Bermuda Dunes Residents Diane and Travis Medley volunteer as foster parents for the Love all animals, a 501 (c) (3) non-profit association whose mission is to join other organizations to stop the slaughter of adoptable animals and find them homes.

“I’ve been with (Loving All Animals) for a couple of years now, and I love what I do,” says Diane, who has volunteered with the animals since she and Travis lived in Santa Clara County. “I would say we’ve been volunteering with animals for over 30 years.

Diane volunteered with the organization organically. “I found a stray dog, and thanks to Facebook groups, I was able to find Loving All Animals,” she says. “At that time, they only had offices and no foster parents to take care of the dog. It broke my heart, so I said I would be the dog’s foster parent until we found a home. I have been with them ever since.

As foster parents of dogs, Diane and Travis house and train a four-legged friend until he is adopted. The training begins as soon as the dog arrives and is intended to help prepare the animal for its eventual loving home. “Travis is amazing; he’s really 50 percent of that, ”says Diane. “He trains the dogs as much as he can. Depending on the dog, we can have them for a week or more.

For each dog, Diane and Travis have the same training method, which has been proven time and time again. “We train them at the cash desk as soon as we receive them. My husband then uses a code word for “potty” and we take them outside. When they go, then receive praise and a treat.

With this proven method, the chances of the adoptive family to keep their new family member increase. Most dogs do not have any training or social skills before they are placed in foster care. “At the very least, we try to potty train them before adoption,” says Diane. “Some take longer than others, but our method has worked well.”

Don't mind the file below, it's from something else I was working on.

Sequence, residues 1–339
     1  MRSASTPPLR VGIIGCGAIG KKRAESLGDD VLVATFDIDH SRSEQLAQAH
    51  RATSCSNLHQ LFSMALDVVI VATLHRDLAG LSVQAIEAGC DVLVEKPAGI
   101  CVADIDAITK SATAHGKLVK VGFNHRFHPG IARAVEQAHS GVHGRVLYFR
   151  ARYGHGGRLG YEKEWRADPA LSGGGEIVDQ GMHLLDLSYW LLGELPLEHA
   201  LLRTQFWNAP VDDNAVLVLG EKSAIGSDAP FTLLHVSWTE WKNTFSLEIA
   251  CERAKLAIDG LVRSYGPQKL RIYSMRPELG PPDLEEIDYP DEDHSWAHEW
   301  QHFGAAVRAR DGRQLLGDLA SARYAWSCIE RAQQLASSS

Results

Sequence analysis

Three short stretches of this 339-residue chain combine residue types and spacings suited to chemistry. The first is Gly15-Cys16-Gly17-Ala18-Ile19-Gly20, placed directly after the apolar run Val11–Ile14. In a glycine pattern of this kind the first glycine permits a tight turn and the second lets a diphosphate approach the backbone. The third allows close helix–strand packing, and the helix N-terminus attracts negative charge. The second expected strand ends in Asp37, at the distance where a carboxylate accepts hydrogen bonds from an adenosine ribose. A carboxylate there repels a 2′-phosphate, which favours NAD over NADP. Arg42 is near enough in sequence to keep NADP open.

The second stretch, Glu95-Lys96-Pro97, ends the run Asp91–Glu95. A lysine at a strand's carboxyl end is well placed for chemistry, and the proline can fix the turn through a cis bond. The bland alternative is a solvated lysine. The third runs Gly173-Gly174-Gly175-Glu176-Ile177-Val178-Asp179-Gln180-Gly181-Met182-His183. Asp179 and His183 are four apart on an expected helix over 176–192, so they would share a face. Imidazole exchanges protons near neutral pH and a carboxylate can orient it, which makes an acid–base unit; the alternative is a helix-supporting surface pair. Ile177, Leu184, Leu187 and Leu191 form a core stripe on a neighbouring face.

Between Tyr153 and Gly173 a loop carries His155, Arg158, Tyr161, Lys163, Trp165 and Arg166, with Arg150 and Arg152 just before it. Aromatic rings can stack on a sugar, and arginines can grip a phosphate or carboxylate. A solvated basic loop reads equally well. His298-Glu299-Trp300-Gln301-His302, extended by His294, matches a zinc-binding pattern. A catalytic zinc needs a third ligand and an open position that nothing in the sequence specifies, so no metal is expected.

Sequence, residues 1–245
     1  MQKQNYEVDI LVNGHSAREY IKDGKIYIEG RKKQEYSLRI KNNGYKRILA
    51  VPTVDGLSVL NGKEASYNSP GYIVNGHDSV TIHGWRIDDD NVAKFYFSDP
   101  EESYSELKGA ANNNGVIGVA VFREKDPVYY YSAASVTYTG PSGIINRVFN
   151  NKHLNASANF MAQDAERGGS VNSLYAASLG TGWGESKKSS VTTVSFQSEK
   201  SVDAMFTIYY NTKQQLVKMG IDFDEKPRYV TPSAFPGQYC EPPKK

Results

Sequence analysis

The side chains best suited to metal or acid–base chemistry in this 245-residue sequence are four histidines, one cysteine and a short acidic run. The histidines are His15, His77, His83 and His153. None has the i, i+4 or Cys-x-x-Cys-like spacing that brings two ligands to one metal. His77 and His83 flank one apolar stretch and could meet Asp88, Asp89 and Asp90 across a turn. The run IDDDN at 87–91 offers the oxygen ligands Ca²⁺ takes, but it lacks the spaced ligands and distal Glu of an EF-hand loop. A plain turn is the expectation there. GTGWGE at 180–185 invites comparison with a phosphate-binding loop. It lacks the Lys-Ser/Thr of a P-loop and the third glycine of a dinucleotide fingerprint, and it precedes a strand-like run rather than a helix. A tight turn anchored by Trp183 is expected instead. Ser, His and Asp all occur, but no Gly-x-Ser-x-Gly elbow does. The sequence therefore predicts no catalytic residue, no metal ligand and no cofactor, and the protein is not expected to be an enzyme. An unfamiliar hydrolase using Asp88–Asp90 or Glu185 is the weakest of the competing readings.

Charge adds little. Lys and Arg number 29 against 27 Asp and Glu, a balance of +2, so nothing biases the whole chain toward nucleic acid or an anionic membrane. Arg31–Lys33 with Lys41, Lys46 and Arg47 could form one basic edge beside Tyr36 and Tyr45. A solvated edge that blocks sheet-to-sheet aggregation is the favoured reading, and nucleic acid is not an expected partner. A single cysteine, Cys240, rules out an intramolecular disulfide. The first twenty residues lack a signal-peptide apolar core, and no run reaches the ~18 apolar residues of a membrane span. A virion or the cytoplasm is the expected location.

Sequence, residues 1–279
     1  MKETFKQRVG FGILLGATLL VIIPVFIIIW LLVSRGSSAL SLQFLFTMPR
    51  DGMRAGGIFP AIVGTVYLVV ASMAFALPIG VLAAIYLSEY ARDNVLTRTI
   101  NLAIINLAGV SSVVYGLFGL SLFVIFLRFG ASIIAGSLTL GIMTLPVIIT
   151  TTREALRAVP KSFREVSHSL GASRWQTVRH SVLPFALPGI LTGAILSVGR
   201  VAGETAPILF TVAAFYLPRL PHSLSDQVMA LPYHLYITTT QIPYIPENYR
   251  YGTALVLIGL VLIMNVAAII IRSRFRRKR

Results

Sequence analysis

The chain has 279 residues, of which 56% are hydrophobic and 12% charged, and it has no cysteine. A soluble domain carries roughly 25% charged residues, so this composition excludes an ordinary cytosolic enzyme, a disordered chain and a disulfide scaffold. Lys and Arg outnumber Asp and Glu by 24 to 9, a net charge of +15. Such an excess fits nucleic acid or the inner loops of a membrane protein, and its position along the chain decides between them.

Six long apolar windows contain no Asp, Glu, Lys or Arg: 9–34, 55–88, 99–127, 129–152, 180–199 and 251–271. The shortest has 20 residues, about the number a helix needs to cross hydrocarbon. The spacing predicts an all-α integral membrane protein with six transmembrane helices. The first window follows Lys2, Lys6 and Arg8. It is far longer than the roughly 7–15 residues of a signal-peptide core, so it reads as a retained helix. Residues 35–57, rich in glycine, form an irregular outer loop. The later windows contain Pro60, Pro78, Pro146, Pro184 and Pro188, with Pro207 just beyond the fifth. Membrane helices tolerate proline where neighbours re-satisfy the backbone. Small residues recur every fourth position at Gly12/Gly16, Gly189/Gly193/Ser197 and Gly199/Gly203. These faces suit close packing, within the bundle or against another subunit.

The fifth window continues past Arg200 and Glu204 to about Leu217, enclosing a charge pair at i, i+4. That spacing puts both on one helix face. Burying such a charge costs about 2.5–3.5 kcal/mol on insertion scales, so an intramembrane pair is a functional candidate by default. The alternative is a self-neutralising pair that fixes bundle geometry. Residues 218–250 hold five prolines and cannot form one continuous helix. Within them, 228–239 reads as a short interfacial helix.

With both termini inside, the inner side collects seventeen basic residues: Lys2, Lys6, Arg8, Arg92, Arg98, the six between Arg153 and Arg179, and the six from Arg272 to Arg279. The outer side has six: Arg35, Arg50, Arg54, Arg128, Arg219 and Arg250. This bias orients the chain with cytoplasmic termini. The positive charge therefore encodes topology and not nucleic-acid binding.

Travis Medley works with Zoomer.

Currently Diane and Travis are working with a dog named Zoomer. They have had her for four months and they admit that they fell in love with her. “She’s just an angel now, since we’ve been able to have her for so long,” says Diane. “The reason we’ve had her for so long is that she has a skin problem, so it’s a little harder to find her a home. However, she will go to her family as soon as her skin condition is over. One of the great advantages of Loving All Animals is that they spare no expense to provide these dogs with the veterinary care they need before they are released Zoomer has been under veterinary care for four and a half months .

Helping these dogs become pets is really what drives Diane and Travis. They love to help these amazing creatures find their perfect family. “We love knowing that our work has helped these dogs find the homes they deserve.”

The Medleys no longer have a dog of their own, but they do have two cats, Abigail and Katie. “They both love foster dogs, especially Abigail,” says Diane.

Diane believes that every dog ​​needs a certain type of human to take care of them and meet their needs. “I suggest people find a dog that fits their lifestyle,” she says. “Some dogs need more attention or exercise, and if their owner can’t commit, they should find a different breed.”

When not taking care of foster dogs, Diane enjoys exercising, gardening, and managing the rental properties that she and Travis have. “Gardening is one of my loves and while I wouldn’t call property management a hobby, I like it,” she says.

The Medleys think they are a perfect match for Loving All Animals. They really have a love and dedication to help these dogs train and find loving homes. “What I love about Loving All Animals is that everyone here is amazing, and we all have the same goal,” says Diane.

For more information or to learn how to become a foster parent, visit aimertouslesanimaux.org.

Eric Sandoval is a freelance writer who writes for the community newspaper Inland Empire. He is currently a student at Cal State, San Bernardino.


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